3. A conductor according to claim 2 wherein said metal film has a thickness less than one-half the depth of penetration for a vfrequency of 300'() megacycles per second.

4. A 'conductor for high frequency currents comprising a sintered'la'y'er of metallic particles deposited 'from a dried mixture of two metallic solutions comprising platinum and palladium 'in atomic percentages of 60 .to peroent of platinum and 40 to 50 percent of palladium.

5. A 'conductor for high frequency currents comprising a uniform mixture of cohering metal particles consisting of platinum and palladium in atomic percentages of 60 to 50 percent platinum and 40 to 50 .percent of palladium.

6. An attenu'ator unit comprising acylindrical dielectric carrier having low resistance terminal collars formed at each end thereof and comprising rings of thin metallic'film, a thin metallic nlm of relatively high resistance on said carrier and bridging said collars, and a connector mounted on each end of said carrier and vhaving good electrical contact with said collars, each connector .comprising a section vof metallic rod of the same outside diameter as said carrier and arranged to abut one end of said carrier, and a soldered connection between each connector and the adjacent terminal collar.

7. An lattenuator unit according to claim 6 wherein said carrier is formed of a tube and said connectors are provided with shank extensions of reduced diameter extending into the ends of said tube.

8. A conductor for ultra-high frequency currents comprising a dielectric carrier having a metal nlm formed thereon-of a thickness of the order-of 1GO angstrom units, said film 'comprising the baked residue of .a film of a'mixture of 'solutions of two alloyable noble metals, said residue film having a lower temperature coefficient vof resistance and .higher specific 'resistance than either of the .two noble metalfco'mponents.

9. A high resistance conductor comprising a thin metallic lm having a thickness of the order of 100 angstrom units and being formed of a uniform mixture of cohering metal particles consisting of platinum and palladium in atomic percentages of 60 to 50 percent of platinum and 40 to 50 percent of palladium.

10. An attenuator unit comprising a cylindrical dielectric carrier having low resistance terminal collars formed at each end thereof and comprising rings of metallic illm bonded directly to the surface of said carrier, and a thin metallic film of relatively high resistance bonded to the surface of said carrier between said collars and having end portions bonded to the outer surfaces of said terminal collars, said high resistance film comprising the baked residue of a lm of a mixture of solutions of two alloyable noble metals, and said residue iilm having a lower temperature coefficient of resistance and higher specific resistance than either of the noble metal components.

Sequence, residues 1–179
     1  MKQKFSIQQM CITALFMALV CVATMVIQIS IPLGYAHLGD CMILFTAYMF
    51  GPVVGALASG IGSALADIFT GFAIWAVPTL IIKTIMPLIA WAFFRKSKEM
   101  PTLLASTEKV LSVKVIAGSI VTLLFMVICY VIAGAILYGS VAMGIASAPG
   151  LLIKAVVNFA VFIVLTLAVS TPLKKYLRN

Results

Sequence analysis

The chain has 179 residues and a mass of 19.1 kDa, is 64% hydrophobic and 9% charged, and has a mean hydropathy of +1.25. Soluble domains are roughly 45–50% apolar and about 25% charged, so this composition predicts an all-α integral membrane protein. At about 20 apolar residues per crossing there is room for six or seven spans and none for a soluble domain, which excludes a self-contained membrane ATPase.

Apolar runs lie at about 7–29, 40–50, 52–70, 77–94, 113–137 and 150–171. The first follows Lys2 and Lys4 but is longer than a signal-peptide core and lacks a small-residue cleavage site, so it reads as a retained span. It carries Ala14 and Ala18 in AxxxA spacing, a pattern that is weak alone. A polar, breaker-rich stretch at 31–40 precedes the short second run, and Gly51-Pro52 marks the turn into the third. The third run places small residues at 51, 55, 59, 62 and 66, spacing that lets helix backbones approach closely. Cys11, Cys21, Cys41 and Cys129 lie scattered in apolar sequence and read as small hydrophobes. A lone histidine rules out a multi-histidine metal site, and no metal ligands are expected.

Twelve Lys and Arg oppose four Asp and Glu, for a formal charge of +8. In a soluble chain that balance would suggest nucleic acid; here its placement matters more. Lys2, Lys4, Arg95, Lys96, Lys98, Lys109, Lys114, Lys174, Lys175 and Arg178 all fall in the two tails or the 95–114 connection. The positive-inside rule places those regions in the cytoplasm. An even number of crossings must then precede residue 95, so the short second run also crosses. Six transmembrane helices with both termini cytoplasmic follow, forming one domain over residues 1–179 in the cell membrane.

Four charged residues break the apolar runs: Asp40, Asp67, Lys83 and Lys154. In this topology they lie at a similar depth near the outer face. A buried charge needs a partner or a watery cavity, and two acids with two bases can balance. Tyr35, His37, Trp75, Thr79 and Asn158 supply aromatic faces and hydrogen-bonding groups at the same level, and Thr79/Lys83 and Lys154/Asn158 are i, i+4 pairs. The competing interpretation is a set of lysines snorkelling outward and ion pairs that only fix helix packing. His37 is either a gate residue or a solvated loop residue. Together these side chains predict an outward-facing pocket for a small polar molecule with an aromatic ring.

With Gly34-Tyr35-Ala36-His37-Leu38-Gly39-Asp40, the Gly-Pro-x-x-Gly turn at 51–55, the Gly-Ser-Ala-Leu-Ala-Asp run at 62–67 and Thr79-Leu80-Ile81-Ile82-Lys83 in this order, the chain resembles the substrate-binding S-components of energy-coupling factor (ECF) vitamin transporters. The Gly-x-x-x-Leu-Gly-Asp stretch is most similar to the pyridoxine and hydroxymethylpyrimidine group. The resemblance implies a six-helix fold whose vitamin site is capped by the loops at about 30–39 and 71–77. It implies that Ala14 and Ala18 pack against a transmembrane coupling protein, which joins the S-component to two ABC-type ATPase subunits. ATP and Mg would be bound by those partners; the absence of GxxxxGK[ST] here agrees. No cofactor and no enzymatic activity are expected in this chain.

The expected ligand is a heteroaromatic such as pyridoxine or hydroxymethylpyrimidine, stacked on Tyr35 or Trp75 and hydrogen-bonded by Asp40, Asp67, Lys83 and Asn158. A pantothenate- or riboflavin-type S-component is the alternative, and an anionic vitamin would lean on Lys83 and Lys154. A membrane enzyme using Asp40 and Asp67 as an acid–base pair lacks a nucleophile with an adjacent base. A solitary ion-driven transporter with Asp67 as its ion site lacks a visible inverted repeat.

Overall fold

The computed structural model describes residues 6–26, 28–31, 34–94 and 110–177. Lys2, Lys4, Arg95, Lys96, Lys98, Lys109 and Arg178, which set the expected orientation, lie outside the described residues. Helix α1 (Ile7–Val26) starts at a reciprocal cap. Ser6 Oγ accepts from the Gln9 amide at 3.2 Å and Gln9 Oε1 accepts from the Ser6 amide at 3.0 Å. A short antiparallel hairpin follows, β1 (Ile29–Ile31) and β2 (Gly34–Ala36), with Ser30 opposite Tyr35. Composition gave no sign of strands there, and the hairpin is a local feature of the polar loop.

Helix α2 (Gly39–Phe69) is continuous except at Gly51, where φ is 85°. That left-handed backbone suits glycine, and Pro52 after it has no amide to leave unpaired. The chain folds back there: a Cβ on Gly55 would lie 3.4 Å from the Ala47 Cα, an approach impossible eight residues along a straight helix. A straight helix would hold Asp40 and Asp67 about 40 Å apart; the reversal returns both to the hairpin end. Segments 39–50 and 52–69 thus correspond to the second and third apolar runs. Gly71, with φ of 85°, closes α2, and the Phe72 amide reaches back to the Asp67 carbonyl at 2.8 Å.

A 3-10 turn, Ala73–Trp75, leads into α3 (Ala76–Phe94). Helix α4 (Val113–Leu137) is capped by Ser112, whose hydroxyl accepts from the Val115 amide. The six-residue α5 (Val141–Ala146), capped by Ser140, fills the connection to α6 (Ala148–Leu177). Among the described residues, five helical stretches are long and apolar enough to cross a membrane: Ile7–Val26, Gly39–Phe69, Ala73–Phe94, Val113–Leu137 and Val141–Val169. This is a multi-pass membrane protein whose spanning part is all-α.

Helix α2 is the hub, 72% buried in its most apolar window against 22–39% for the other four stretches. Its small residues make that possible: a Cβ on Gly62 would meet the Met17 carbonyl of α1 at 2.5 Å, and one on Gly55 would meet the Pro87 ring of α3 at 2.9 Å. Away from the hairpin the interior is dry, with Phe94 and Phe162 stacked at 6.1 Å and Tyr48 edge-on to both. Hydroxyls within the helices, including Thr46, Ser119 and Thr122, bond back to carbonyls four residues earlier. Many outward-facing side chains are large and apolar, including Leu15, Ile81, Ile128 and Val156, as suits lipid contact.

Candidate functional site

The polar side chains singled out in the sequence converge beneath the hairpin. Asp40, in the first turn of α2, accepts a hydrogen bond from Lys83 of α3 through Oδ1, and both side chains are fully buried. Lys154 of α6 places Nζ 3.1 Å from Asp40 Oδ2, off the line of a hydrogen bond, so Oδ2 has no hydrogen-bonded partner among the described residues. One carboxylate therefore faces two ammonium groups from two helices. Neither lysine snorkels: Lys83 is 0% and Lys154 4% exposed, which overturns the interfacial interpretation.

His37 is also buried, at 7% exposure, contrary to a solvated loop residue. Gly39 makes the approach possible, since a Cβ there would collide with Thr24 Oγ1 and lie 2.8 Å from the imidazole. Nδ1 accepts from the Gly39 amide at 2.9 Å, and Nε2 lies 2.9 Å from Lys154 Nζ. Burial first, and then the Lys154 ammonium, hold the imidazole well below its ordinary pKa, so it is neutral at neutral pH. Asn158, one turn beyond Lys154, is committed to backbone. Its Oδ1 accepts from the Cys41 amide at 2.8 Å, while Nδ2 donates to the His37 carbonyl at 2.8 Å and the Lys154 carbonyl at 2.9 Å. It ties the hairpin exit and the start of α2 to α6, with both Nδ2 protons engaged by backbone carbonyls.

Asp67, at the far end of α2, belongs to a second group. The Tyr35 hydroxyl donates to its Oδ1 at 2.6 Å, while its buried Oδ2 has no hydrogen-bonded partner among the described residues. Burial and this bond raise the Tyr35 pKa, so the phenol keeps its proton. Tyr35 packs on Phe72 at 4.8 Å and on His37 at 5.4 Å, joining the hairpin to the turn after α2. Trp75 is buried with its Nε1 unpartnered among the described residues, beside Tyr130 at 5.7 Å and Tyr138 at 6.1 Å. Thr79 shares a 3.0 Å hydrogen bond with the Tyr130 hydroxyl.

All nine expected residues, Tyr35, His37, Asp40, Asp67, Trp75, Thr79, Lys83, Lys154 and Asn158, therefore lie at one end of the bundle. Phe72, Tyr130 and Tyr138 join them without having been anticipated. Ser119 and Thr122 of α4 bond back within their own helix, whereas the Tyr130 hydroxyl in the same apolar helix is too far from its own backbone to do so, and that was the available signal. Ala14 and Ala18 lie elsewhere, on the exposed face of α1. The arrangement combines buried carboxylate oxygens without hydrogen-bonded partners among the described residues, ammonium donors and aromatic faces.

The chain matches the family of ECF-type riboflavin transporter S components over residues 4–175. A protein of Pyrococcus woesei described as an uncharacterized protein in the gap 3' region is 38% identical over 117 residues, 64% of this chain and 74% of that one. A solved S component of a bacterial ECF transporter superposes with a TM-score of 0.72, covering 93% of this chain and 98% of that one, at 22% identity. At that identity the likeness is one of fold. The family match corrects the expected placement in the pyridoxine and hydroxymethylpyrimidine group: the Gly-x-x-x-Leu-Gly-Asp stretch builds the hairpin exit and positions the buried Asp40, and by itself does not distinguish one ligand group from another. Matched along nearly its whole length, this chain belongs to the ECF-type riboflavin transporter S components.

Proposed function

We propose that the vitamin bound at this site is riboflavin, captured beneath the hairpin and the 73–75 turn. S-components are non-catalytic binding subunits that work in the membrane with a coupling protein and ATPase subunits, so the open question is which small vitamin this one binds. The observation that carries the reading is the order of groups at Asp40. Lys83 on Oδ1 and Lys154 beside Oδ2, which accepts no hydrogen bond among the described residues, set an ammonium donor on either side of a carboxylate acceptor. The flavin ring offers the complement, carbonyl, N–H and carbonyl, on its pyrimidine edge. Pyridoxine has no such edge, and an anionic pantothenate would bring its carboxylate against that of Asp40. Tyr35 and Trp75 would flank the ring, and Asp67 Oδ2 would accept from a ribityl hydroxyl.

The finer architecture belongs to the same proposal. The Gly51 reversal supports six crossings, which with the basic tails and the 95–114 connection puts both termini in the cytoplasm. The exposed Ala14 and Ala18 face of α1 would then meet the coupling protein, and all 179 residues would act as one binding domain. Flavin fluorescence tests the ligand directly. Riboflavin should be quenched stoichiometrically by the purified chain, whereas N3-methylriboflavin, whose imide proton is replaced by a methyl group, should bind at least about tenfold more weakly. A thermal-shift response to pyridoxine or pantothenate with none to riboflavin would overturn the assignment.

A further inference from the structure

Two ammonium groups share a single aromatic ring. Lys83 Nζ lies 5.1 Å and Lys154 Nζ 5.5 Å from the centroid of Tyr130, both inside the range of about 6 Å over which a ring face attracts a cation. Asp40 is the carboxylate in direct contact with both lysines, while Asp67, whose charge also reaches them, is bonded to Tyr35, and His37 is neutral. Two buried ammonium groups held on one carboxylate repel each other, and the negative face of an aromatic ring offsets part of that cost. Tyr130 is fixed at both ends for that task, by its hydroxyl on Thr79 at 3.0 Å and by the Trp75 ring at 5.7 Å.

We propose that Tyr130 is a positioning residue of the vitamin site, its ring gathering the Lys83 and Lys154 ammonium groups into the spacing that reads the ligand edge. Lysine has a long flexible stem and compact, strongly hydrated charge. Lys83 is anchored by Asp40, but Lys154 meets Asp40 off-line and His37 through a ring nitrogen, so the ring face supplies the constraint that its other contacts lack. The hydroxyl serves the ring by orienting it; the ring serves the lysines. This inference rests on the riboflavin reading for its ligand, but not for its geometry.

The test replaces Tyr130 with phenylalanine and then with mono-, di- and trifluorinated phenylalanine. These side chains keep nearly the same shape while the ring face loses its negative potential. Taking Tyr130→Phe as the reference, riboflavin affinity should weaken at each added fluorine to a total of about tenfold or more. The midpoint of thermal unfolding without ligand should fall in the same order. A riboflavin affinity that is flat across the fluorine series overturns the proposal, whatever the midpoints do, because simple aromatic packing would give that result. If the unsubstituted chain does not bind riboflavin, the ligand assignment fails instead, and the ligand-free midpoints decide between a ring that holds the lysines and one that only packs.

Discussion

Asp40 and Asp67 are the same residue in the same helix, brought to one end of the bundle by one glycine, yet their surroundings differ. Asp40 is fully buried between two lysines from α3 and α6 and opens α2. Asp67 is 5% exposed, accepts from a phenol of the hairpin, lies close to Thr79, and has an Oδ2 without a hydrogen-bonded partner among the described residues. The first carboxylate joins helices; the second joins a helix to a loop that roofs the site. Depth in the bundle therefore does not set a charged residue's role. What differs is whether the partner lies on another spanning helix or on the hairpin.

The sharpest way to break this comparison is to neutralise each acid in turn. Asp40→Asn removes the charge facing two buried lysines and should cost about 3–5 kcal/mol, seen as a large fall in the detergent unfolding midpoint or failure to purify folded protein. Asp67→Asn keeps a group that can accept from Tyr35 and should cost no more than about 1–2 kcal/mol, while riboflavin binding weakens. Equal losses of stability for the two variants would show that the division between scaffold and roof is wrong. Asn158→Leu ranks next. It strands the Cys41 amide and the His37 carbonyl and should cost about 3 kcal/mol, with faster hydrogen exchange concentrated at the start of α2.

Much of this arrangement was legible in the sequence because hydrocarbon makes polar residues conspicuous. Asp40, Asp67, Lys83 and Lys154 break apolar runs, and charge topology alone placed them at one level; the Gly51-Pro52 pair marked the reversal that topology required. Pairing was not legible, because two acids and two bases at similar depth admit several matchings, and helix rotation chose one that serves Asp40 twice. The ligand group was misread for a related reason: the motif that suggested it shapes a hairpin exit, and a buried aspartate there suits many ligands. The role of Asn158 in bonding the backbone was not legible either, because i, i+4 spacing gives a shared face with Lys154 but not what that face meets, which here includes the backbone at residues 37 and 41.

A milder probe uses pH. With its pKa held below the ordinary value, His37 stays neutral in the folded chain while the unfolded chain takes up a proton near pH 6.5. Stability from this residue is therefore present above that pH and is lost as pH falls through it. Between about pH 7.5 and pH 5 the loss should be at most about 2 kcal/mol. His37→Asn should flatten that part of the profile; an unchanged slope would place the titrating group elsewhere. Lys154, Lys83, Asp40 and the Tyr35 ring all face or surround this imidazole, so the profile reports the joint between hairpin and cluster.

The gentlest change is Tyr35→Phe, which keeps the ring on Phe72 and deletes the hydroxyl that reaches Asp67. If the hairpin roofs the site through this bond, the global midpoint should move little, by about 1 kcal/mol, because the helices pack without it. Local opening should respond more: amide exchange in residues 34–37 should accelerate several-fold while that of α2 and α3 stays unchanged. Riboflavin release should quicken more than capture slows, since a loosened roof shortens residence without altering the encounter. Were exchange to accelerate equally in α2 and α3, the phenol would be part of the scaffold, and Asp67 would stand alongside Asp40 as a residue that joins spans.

11. 'I'he process of constructing a metallic film on a non-conductive carrier, comprising providing a mixture of organo-compound resinates of platinum and palladium, coating the non-conductive carrier with the mixture, drying the coated carrier and thereafter heating same to decompose the organoresinates and precipitate the metals therefrom as an alloy upon the non-conductive carrier and to remove any carbonaceous residue remaining after said precipitation.

Cil

12. An article of manufacture comprising a resistance unit having a substantially constant rate of power absorption at all frequencies below a predetermined frequency, said unit comprising a non-conductive carrier, an alloy lm of at least two substantially stable and non-oxidizable metals tightly bonded to said carrier and having a thickness of less than one-half the depth of penetration at said predetermined frequency, and electrical terminal means for said alloy l'ilm.

References Cited in the file of this patent UNITED STATES PATENTS Number Name vDate 1,296,938 Fahrenwald Mar. 11, 1919 1,905,353 Potter Apr. 25, 1933 1,957,538 Jensen May 8, 1934 2,262,134 Brown Nov. 11, 1941 2,399,645 Latimer May 7, 1946 2,429,401 Davis Oct. 21, 1947 2,437,067 Bingley Mar. 2, 1948 2,440,691 Jira May 4, 1948 FOREIGN PATENTS Number Country Date 486,639 Great Britain June 8, 1938 887,597 France Nov. 17, 1943

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Referenced by
Citing PatentFiling datePublication dateApplicantTitle
US2954537 *May 24, 1956Sep 27, 1960Georgia Tech Res InstVhf rheostat and method of using same
US3002166 *Aug 11, 1959Sep 26, 1961Weinschel Eng Co IncInside-out attenuator for high-frequency coaxial lines
US3051895 *Apr 21, 1955Aug 28, 1962Carson Robert LGas detection
US3189482 *Mar 9, 1961Jun 15, 1965Gen Mills IncMetal film resistor and method of its formation
US3237133 *Feb 27, 1964Feb 22, 1966Weinschel Engineering CoLinear variable lossy line attenuator
US3350666 *Apr 30, 1963Oct 31, 1967Amp IncCoaxial connector
US3405011 *Nov 12, 1964Oct 8, 1968Gulf General Atomic IncElectrode comprising thin porous metallic matrix and process for making same
US3410714 *Oct 18, 1965Nov 12, 1968Gen ElectricMetallizing and bonding non-metallic bodies
US3974696 *Sep 23, 1975Aug 17, 1976General Electric CompanyFood thermometer for microwave oven
US7212079Aug 29, 2003May 1, 2007Huber+Suhner AgAttenuation or termination element having a coaxial structure for radio frequency electromagnetic waves
US20060097817 *Aug 29, 2003May 11, 2006Yann BlavetteAttenuation or termination element having a coaxial structure for high-frequency electromagnetic waves
WO2004023596A1 *Aug 29, 2003Mar 18, 2004Huber + Suhner AgAttenuation or termination element having a coaxial structure for high-frequency electromagnetic waves
Classifications
U.S. Classification338/308, 374/163, 338/322, 75/245, 338/333, 338/64, 338/258, 174/28, 333/81.00A, 427/229, 338/216, 374/122
International ClassificationH01P1/22
Cooperative ClassificationH01P1/225
European ClassificationH01P1/22C